An overview of modeling approaches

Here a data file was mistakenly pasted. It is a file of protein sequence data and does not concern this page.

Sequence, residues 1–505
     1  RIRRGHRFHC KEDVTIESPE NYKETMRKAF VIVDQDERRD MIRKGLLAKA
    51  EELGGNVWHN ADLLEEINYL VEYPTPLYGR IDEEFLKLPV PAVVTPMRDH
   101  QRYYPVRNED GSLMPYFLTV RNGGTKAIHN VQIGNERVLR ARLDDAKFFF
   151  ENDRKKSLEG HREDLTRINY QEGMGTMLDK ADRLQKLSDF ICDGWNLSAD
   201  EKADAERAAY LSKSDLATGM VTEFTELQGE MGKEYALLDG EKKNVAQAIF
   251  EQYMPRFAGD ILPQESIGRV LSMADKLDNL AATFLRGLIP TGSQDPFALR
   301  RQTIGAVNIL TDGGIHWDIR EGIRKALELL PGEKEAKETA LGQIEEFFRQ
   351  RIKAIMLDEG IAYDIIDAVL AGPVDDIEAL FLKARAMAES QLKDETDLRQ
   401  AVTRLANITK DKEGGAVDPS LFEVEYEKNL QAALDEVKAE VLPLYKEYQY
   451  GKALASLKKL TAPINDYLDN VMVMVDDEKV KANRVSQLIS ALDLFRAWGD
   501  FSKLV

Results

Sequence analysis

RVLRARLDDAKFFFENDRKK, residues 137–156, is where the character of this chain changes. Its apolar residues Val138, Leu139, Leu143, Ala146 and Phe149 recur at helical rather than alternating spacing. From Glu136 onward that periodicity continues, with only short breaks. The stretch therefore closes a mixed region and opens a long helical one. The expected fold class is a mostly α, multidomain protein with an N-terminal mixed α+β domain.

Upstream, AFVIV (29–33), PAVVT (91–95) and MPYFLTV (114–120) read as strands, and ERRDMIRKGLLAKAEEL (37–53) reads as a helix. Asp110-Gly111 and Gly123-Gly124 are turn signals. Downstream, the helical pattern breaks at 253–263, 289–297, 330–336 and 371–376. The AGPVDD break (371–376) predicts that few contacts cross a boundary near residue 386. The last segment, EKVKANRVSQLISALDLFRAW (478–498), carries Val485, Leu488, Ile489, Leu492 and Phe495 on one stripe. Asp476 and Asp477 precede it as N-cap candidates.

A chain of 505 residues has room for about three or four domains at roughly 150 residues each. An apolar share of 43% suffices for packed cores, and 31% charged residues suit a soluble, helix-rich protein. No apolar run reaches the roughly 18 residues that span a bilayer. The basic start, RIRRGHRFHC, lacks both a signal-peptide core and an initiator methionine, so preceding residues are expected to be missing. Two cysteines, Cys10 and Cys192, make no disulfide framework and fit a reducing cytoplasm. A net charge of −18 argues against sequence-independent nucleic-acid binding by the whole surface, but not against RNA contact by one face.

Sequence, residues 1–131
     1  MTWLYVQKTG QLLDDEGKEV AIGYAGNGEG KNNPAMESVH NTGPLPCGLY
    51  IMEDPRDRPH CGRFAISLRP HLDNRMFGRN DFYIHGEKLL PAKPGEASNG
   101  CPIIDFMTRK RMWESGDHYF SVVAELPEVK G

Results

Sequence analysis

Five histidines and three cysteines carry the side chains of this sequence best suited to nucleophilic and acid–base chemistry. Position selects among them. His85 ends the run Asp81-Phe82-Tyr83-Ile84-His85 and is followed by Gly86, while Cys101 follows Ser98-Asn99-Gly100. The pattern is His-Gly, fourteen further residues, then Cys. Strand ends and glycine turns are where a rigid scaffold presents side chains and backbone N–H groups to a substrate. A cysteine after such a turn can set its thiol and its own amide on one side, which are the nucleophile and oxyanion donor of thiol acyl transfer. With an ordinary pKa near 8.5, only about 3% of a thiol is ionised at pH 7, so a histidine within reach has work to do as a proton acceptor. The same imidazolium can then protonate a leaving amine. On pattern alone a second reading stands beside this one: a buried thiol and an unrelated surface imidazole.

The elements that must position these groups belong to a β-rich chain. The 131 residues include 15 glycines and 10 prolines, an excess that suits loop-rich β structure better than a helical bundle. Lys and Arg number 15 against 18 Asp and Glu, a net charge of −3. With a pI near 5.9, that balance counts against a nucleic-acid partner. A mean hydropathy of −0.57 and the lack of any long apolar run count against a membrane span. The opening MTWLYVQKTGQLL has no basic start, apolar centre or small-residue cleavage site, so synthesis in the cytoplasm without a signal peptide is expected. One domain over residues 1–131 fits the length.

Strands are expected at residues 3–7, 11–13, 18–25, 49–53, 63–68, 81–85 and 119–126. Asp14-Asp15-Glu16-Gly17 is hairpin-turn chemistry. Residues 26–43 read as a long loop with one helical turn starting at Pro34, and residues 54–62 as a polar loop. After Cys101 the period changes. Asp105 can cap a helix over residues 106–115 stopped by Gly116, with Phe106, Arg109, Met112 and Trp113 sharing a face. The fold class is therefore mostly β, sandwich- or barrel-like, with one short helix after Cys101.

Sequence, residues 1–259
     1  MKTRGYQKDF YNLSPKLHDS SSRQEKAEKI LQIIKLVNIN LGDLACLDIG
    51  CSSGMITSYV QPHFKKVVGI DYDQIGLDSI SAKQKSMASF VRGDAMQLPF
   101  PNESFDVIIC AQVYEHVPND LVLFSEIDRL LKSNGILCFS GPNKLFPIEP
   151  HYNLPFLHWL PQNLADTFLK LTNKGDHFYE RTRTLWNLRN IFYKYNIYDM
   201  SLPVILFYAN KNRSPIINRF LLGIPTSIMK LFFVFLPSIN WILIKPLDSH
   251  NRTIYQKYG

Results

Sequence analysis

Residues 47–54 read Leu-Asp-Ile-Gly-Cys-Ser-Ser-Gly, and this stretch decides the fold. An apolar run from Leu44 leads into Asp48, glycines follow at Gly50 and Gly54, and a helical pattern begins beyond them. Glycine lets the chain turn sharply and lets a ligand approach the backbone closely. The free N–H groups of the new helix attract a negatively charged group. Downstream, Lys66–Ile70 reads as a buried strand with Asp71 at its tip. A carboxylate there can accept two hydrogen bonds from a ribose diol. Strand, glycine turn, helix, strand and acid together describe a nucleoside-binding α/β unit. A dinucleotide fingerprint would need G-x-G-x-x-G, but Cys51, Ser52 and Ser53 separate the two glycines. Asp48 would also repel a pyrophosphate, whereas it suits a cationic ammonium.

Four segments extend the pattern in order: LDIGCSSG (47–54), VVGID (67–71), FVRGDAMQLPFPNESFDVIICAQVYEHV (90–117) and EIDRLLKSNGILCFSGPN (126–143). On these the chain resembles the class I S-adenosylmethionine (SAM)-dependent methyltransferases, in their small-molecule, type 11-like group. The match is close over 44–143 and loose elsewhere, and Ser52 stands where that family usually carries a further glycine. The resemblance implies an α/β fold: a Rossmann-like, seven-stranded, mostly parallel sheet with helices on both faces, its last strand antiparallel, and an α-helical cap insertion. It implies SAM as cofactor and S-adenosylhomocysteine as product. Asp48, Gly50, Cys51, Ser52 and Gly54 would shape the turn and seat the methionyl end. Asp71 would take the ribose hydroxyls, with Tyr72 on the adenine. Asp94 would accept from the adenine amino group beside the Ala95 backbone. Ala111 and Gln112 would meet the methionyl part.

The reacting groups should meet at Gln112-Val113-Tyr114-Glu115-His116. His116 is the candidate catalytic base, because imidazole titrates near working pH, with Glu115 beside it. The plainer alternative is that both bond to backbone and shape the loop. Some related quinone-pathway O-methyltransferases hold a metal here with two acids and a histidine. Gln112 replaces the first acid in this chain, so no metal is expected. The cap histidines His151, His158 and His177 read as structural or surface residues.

The great variety of diﬀerent environmental settings and ecological interactions existing in mother nature requires, in order to make their theoretical study more eﬀective, an equally broad range of modeling approaches. Quite typically, an adequate model choice depends not only on the ecosystem or community type, but also on the goals of the study, in particular, on the spatial and/or temporal scales where the given phenomena are developing. Discreteness of populations is a fundamental property (cf. Durrett and Levin, 1994), yet on a spatial scale much larger than the size of a typical individual description of the population dynamics by a continuous quantity such as the population density (the number of individuals of a given species per unit area or unit volume) was proved to be eﬀective, e.g., see Murray (1989) and Shigesada and Kawasaki (1997). On a larger scale, however, environmental heterogeneity and habitat fragmentation become important, which may make space-discrete models more appropriate. A similar duality arises in the temporal dynamics. Moreover, due to the possible overlapping of spatial and/or temporal scales associated with diﬀerent processes, sometimes a hybrid approach might be required that describes some of the processes continuously and some of them discretely; one example is given by a ﬁsh school feeding on plankton (Medvinsky et al., 2002).